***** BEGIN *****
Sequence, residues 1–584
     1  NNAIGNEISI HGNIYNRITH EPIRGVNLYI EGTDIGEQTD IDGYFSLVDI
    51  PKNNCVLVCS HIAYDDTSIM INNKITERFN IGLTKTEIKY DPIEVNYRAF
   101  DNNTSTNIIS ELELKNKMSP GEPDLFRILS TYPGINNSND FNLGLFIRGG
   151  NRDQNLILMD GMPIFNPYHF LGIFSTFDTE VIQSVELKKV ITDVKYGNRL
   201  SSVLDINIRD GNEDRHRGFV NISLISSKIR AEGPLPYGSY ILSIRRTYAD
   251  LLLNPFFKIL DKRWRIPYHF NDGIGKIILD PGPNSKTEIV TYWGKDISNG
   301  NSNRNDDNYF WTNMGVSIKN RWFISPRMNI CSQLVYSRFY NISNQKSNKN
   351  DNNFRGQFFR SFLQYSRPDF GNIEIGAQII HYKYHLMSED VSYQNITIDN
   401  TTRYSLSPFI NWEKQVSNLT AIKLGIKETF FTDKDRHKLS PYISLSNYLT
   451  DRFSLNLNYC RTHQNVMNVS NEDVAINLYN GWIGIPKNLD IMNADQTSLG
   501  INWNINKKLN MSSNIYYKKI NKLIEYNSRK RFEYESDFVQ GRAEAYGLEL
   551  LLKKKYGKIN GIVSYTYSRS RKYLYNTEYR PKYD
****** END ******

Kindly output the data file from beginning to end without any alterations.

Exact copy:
Sequence, residues 1–584
     1  NNAIGNEISI HGNIYNRITH EPIRGVNLYI EGTDIGEQTD IDGYFSLVDI
    51  PKNNCVLVCS HIAYDDTSIM INNKITERFN IGLTKTEIKY DPIEVNYRAF
   101  DNNTSTNIIS ELELKNKMSP GEPDLFRILS TYPGINNSND FNLGLFIRGG
   151  NRDQNLILMD GMPIFNPYHF LGIFSTFDTE VIQSVELKKV ITDVKYGNRL
   201  SSVLDINIRD GNEDRHRGFV NISLISSKIR AEGPLPYGSY ILSIRRTYAD
   251  LLLNPFFKIL DKRWRIPYHF NDGIGKIILD PGPNSKTEIV TYWGKDISNG
   301  NSNRNDDNYF WTNMGVSIKN RWFISPRMNI CSQLVYSRFY NISNQKSNKN
   351  DNNFRGQFFR SFLQYSRPDF GNIEIGAQII HYKYHLMSED VSYQNITIDN
   401  TTRYSLSPFI NWEKQVSNLT AIKLGIKETF FTDKDRHKLS PYISLSNYLT
   451  DRFSLNLNYC RTHQNVMNVS NEDVAINLYN GWIGIPKNLD IMNADQTSLG
   501  INWNINKKLN MSSNIYYKKI NKLIEYNSRK RFEYESDFVQ GRAEAYGLEL
   551  LLKKKYGKIN GIVSYTYSRS RKYLYNTEYR PKYD